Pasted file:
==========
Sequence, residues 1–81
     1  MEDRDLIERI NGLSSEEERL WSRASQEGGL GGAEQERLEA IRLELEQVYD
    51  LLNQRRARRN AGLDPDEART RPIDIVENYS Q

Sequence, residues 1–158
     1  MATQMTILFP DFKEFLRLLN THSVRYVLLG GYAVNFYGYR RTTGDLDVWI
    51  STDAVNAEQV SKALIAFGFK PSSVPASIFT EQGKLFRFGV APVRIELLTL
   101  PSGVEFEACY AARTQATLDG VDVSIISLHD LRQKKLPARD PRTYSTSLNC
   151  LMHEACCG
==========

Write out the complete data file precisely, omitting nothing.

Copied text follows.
Sequence, residues 1–81
     1  MEDRDLIERI NGLSSEEERL WSRASQEGGL GGAEQERLEA IRLELEQVYD
    51  LLNQRRARRN AGLDPDEART RPIDIVENYS Q

Sequence, residues 1–158
     1  MATQMTILFP DFKEFLRLLN THSVRYVLLG GYAVNFYGYR RTTGDLDVWI
    51  STDAVNAEQV SKALIAFGFK PSSVPASIFT EQGKLFRFGV APVRIELLTL
   101  PSGVEFEACY AARTQATLDG VDVSIISLHD LRQKKLPARD PRTYSTSLNC
   151  LMHEACCG